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Staying on their toes
Intensive two-week program keeps Gainesville Ballets dancers in top shape for upcoming season
Laura Graham of Flowery Branch practices a jazz routine Tuesday during an afternoon class at Brenau University. - photo by SARA GUEVARA

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As instructor Lonnie Davis counted off beats, a couple dozen high school-aged ballerinas stepped, turned and pirouetted to the rhythm. Again. And again. And again.

Just as the groups of girls got the hang of it, Davis decided to tack on some new steps to the end of the routine. There were just 10 minutes left in the class, so why not?

Besides, this is the Summer Intensive program for Gainesville Ballet, a time for school-aged ballerinas to get back into shape and for dancers with the Gainesville Ballet to get back into the swing of things.

Just as the Atlanta Falcons return to training camp to prepare for the grueling year, so must these hard-working ballerinas. Students, who are usually in rehearsals or ballet classes at least four days a week during the school year, have had a break for the summer to go on vacation or - for many - take in a ballet camp in Atlanta or another state.

But now it's back to business, brushing up on the steps and getting ready for the performance of The Nutcracker later on this year.

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The students were in the dance studios at Brenau University all day for the past two weeks, said executive director Diane Callahan. The first three-hour sessions are classes, where the dancers go over movements and choreography. After a break it's into rehearsal for the winter performance of "The Nutcracker," along with repertoire pieces to be used in the company's spring show.

"The younger kids are in rehearsal for ‘The Nutcracker' already ... the littlest ones are starting now," Callahan said. "They're beginning to learn all the actual steps they'll do in ‘The Nutcracker.'"

It takes months, Callahan said, to make sure each little dancer in a bevy of girls is moving with the group as a whole.

"And to get everybody doing this at the same time, with the same arms and the same beat," Callahan said. "It's a lot of time."

Older students, many of whom remember practicing for "The Nutcracker" at age 3 or 4, are in a studio down the hall from the children. There, they memorize steps to a jazz piece as part of a class, and later in the day they go over choreography for a spring repertoire piece.

"We hurt really bad," said Hannah Patten of Gainesville. "It keeps you in shape, because even though it's not that long that we're off, you know if you get out of shape. And coming back here, it's just so much."

Patten was part of the class pulling and twisting their bodies under the instruction of Davis, a choreographer who teaches at Pebblebrook Performing Arts High School in Mableton and travels around the country teaching summer dance camps.

In a black T-shirt and gray sweatpants, Davis perched on a stool watching and critiquing the girls as they twirled by, trying to stay with the Latin beat coming from the stereo.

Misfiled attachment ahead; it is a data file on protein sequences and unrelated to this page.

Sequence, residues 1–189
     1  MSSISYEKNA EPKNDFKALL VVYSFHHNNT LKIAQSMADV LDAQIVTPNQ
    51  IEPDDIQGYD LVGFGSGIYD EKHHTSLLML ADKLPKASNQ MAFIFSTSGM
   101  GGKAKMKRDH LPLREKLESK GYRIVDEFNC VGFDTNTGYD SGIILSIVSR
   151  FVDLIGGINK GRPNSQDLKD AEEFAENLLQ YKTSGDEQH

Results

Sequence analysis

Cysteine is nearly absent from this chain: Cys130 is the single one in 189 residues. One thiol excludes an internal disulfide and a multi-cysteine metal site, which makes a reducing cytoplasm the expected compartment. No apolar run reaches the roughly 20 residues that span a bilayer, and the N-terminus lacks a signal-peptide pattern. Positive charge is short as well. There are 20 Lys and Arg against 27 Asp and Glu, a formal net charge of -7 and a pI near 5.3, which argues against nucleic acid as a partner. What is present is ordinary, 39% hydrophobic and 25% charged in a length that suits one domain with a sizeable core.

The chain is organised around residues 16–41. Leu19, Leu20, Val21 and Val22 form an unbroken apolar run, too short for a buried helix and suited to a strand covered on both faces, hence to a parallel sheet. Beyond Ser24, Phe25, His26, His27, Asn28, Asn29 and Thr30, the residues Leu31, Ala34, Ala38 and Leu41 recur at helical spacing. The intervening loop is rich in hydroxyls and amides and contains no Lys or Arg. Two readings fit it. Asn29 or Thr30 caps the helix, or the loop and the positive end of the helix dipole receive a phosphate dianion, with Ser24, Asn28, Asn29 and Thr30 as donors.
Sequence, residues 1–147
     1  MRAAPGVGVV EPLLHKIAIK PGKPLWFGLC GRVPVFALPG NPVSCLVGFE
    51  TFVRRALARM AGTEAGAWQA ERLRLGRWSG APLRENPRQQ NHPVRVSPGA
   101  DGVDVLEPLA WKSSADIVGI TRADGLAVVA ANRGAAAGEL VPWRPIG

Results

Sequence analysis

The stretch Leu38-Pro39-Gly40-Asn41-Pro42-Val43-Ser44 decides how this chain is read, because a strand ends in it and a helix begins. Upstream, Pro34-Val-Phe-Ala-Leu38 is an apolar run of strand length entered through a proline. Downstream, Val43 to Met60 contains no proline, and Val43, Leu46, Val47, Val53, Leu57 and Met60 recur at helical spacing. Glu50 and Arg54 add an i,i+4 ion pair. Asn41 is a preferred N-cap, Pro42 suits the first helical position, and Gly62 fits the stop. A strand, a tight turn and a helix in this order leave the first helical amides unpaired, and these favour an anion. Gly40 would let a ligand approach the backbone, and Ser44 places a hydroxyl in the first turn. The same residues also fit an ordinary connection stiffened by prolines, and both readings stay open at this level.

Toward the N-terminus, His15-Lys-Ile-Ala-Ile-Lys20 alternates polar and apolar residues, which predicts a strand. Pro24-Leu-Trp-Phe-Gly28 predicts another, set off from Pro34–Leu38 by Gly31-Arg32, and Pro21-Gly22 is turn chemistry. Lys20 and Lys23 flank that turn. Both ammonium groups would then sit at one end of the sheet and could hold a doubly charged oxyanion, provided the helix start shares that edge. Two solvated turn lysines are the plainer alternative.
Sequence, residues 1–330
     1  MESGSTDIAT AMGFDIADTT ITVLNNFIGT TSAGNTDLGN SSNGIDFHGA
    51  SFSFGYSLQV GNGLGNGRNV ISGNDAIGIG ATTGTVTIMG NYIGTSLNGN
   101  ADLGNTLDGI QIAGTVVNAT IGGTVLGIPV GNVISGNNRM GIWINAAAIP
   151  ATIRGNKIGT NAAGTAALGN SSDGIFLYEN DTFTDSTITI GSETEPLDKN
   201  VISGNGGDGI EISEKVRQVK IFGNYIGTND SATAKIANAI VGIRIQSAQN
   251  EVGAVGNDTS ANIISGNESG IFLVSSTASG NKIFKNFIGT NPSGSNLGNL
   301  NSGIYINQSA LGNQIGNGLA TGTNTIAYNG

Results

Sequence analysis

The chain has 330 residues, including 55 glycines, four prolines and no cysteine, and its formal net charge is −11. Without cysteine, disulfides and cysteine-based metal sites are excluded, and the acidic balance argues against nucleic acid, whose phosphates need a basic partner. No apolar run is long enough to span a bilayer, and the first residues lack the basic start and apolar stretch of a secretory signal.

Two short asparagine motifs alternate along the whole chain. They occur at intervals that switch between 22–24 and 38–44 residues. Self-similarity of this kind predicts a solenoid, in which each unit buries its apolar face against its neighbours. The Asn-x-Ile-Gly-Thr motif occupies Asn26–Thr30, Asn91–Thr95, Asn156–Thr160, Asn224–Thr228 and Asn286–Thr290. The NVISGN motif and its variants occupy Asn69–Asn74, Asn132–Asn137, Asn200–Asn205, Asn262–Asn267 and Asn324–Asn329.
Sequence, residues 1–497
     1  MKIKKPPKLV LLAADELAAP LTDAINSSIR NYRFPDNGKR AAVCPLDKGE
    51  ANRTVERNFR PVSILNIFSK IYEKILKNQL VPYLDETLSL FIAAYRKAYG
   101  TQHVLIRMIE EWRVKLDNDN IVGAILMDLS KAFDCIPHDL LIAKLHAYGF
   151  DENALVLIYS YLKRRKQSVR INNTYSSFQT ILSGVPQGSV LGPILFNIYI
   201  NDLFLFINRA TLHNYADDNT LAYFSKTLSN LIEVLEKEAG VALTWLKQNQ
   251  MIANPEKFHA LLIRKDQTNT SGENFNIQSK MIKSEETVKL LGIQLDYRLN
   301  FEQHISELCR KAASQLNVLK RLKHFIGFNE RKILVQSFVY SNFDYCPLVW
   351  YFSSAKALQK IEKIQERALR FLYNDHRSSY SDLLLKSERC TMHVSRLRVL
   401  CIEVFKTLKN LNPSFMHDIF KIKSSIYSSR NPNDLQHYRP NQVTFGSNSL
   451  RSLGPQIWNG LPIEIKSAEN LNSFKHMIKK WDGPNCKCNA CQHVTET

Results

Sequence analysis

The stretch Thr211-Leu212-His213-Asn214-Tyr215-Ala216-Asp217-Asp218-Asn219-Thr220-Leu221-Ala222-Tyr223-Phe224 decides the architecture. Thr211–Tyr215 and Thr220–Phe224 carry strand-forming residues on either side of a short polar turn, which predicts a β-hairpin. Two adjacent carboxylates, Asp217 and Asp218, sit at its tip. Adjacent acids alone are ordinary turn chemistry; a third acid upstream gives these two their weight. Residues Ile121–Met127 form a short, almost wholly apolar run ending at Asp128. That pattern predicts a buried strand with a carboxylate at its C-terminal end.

"I always try to teach to the highest denominator, no matter what class it is," he said after the class finished. "So I always push all my kids - just go further, go further, go further, go further ... don't get so caught up in being complacent or what they think their level is, or what they think they're capable of. I'll always try to challenge them, no matter what."

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Jessica Shilling of Gainesville, a high schooler who said she started dancing late - age 6 - said she used the earlier part of her summer to practice at other ballet camps. Her goal in expanding her personal dance repertoire?

"I wanted to get better because I wanted a bigger part in ‘The Nutcracker,'" she said. "That was my goal."

As her friends laughed, they also said there's no competition between the girls for specific parts. Rather, Patten said, the girls - many of whom have been dancing together for years at this point - will help each other out.

"We don't really have to compete for parts because you just get what you get," Patten said.

The two weeks of intensive dance training have also been helpful for Laura Graham, who just got back from working on a cruise line and for Disney World in Florida.

"So it's been four years since I've even done ballet, so I'm just getting back into the daily classes, the daily grind, and see where it goes from there," she said. "But it's just a really great opportunity to be here and to learn from so many really great people and to see young girls learn. It's just really great to work with them."

Davis said he's impressed with the level the dancers are at.

"You can tell they get good training because I can throw something like that at them," he said of the extra choreography he added at the end of class. "With a lot of people you just can't throw, ‘OK, give me a double turn and fall onto the floor,' and you just can't do that with anybody.

"So at least you know that these kids have good enough training they can handle the technical aspect of it, and they can create from there."

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